Here is some code from a last minute code review that you might let normally go out. It’s not really hurting anything. Maybe that’s a good enough reason to leave it alone? Personally, my javascript is far from perfect at times. “Perfect code” is there even really such a thing? Remember when looking at another developer’s code you usually do not know the context when it was written.

Remember when looking at another developer’s code you usually do not know the context when it was written.

Was there a hard deadline? Was there an emergency bug fix or issue? Was it a show stopper? Was it a junior developer or new hire? Or worse a manager or marketing person? Just kidding. Sorry. I just could not resist.

Code under review:

// Using Zurb foundation.
if (Foundation.utils.is_small_only() && $(".top-strip").outerHeight(true) == 2)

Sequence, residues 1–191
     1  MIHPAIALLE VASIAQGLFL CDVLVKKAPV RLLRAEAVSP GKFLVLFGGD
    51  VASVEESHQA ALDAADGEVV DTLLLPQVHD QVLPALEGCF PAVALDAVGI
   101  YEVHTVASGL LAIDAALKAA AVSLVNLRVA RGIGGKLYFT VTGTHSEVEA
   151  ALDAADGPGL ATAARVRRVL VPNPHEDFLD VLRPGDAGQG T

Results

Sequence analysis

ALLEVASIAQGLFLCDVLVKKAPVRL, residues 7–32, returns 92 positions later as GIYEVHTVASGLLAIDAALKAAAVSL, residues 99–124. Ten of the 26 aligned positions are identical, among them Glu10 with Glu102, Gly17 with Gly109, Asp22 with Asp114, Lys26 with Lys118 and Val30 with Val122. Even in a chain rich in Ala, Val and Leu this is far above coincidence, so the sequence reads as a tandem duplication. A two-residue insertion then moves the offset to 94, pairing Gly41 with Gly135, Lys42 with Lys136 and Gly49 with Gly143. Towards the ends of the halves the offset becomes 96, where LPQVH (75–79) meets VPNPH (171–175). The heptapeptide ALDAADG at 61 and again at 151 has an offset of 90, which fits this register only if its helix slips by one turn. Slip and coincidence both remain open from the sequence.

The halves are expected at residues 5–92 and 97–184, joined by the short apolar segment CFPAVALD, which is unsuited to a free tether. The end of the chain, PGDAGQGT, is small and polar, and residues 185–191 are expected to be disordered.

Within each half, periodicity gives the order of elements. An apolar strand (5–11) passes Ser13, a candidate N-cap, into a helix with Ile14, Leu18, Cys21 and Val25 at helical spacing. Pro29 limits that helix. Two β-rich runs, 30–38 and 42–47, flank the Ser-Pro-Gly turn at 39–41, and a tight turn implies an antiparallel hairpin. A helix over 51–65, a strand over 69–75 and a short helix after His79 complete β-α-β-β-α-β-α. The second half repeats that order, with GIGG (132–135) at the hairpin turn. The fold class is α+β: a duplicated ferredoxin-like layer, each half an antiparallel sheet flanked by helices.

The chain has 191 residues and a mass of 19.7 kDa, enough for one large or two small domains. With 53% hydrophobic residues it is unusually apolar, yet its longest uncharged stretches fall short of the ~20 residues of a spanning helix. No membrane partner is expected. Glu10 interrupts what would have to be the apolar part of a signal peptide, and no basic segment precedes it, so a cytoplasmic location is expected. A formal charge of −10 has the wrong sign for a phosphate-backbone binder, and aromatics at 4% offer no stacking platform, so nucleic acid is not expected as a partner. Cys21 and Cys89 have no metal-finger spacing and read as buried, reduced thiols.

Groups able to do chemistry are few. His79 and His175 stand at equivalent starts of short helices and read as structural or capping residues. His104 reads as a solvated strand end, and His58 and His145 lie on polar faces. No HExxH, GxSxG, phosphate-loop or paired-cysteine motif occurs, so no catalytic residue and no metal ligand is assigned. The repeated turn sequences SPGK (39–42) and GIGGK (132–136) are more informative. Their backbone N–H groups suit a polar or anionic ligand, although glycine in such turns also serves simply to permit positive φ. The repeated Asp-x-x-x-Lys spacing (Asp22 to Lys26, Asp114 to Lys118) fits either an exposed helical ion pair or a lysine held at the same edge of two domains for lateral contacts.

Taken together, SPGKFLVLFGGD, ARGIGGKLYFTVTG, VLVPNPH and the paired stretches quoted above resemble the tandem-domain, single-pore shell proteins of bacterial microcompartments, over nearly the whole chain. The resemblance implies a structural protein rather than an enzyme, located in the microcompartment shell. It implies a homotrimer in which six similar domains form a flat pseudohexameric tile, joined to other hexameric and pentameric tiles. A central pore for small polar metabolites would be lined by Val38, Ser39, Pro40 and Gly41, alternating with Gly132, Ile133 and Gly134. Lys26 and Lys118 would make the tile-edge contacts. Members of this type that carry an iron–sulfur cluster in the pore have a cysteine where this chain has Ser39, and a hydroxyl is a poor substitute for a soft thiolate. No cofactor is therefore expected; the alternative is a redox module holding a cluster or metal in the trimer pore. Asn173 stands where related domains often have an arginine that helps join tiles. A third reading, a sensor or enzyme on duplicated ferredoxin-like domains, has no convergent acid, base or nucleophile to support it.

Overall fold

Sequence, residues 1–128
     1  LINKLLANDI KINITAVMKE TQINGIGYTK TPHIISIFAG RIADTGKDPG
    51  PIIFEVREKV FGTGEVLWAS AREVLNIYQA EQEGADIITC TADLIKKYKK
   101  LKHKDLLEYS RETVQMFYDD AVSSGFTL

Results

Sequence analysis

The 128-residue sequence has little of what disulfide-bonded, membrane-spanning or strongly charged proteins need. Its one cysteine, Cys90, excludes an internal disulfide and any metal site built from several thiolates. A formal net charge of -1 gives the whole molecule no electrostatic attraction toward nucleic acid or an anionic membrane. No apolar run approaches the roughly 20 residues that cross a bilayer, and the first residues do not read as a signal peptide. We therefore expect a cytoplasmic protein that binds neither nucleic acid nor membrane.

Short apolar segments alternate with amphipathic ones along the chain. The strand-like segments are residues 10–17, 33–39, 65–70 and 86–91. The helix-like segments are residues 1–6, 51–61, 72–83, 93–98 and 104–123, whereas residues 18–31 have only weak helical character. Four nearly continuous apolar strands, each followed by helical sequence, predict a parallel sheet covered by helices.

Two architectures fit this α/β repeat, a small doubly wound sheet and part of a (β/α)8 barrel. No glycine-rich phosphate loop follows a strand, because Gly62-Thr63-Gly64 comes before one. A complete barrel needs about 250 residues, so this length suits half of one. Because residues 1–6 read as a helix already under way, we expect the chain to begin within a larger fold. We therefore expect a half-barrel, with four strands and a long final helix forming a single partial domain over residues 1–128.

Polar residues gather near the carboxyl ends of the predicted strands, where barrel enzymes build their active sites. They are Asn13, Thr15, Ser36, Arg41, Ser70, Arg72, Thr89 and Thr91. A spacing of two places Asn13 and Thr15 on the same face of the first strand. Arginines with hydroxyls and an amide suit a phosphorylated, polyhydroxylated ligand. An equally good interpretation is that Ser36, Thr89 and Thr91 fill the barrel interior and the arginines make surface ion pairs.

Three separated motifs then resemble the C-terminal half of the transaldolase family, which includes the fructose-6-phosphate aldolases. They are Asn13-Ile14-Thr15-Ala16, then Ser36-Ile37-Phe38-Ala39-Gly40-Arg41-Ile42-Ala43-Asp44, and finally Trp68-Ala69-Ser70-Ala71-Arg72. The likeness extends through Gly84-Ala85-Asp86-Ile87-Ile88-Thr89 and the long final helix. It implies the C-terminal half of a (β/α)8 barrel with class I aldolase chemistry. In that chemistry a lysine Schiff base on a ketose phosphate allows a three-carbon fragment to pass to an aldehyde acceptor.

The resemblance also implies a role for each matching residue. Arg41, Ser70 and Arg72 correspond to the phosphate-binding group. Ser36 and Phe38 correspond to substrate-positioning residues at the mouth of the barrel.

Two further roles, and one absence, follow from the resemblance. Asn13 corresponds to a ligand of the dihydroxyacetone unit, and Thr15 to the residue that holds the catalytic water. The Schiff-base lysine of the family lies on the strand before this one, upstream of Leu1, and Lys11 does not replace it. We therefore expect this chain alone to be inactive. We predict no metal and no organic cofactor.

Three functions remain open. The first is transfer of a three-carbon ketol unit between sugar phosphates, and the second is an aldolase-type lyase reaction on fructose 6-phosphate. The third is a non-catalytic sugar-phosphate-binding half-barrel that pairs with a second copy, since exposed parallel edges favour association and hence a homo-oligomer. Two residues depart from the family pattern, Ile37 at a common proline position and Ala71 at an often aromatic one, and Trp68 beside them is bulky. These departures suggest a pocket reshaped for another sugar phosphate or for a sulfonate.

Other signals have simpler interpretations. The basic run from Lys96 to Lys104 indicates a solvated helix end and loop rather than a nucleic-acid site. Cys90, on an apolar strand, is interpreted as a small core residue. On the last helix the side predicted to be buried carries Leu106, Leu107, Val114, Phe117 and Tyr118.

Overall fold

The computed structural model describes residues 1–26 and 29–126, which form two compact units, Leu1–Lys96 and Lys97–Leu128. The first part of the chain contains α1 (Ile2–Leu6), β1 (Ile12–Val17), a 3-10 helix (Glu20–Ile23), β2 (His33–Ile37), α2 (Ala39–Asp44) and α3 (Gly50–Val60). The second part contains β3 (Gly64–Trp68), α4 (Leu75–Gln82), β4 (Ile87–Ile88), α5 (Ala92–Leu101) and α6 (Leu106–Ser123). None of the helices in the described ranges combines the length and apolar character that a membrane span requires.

Code suggested change:

(function () {
   // Using Zurb foundation.
   if (Foundation.utils.is_small_only()) {
      var topStrip = $(".top-strip");

      if (topStrip.outerHeight(true) === 2) {
         topStrip.css("padding-top", 0);

Ignore the outerHeight call (we can discuss another time). The self-invoking anonymous function might be overkill. Although ideally it should be a named function organized within a namespace. The var caching helps and the code is also more readable. But this could just be personal style and not necessarily wrong. What do you think? Are the tiny javascript cuts I mentioned nit-picking? I am positive there are a lot more out there.